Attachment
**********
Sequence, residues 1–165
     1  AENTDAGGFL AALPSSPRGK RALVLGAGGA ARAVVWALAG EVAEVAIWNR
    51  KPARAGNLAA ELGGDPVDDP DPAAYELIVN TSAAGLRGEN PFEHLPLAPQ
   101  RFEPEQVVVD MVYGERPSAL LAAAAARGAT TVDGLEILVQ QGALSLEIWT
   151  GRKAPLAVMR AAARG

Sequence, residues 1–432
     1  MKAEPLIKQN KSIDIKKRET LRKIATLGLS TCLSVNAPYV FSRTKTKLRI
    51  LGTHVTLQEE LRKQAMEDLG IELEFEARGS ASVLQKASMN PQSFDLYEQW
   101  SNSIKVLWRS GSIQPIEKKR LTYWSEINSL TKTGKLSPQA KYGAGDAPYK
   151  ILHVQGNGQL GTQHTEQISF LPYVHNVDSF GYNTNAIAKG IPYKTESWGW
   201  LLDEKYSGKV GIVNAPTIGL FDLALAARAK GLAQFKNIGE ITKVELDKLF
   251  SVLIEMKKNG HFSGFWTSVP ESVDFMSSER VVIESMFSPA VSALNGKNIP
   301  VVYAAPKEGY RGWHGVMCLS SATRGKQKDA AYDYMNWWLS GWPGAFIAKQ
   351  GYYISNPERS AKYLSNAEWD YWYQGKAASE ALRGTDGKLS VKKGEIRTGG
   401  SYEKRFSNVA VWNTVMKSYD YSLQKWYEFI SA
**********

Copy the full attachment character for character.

Sequence, residues 1–165
     1  AENTDAGGFL AALPSSPRGK RALVLGAGGA ARAVVWALAG EVAEVAIWNR
    51  KPARAGNLAA ELGGDPVDDP DPAAYELIVN TSAAGLRGEN PFEHLPLAPQ
   101  RFEPEQVVVD MVYGERPSAL LAAAAARGAT TVDGLEILVQ QGALSLEIWT
   151  GRKAPLAVMR AAARG

Sequence, residues 1–432
     1  MKAEPLIKQN KSIDIKKRET LRKIATLGLS TCLSVNAPYV FSRTKTKLRI
    51  LGTHVTLQEE LRKQAMEDLG IELEFEARGS ASVLQKASMN PQSFDLYEQW
   101  SNSIKVLWRS GSIQPIEKKR LTYWSEINSL TKTGKLSPQA KYGAGDAPYK
   151  ILHVQGNGQL GTQHTEQISF LPYVHNVDSF GYNTNAIAKG IPYKTESWGW
   201  LLDEKYSGKV GIVNAPTIGL FDLALAARAK GLAQFKNIGE ITKVELDKLF
   251  SVLIEMKKNG HFSGFWTSVP ESVDFMSSER VVIESMFSPA VSALNGKNIP
   301  VVYAAPKEGY RGWHGVMCLS SATRGKQKDA AYDYMNWWLS GWPGAFIAKQ
   351  GYYISNPERS AKYLSNAEWD YWYQGKAASE ALRGTDGKLS VKKGEIRTGG
   401  SYEKRFSNVA VWNTVMKSYD YSLQKWYEFI SA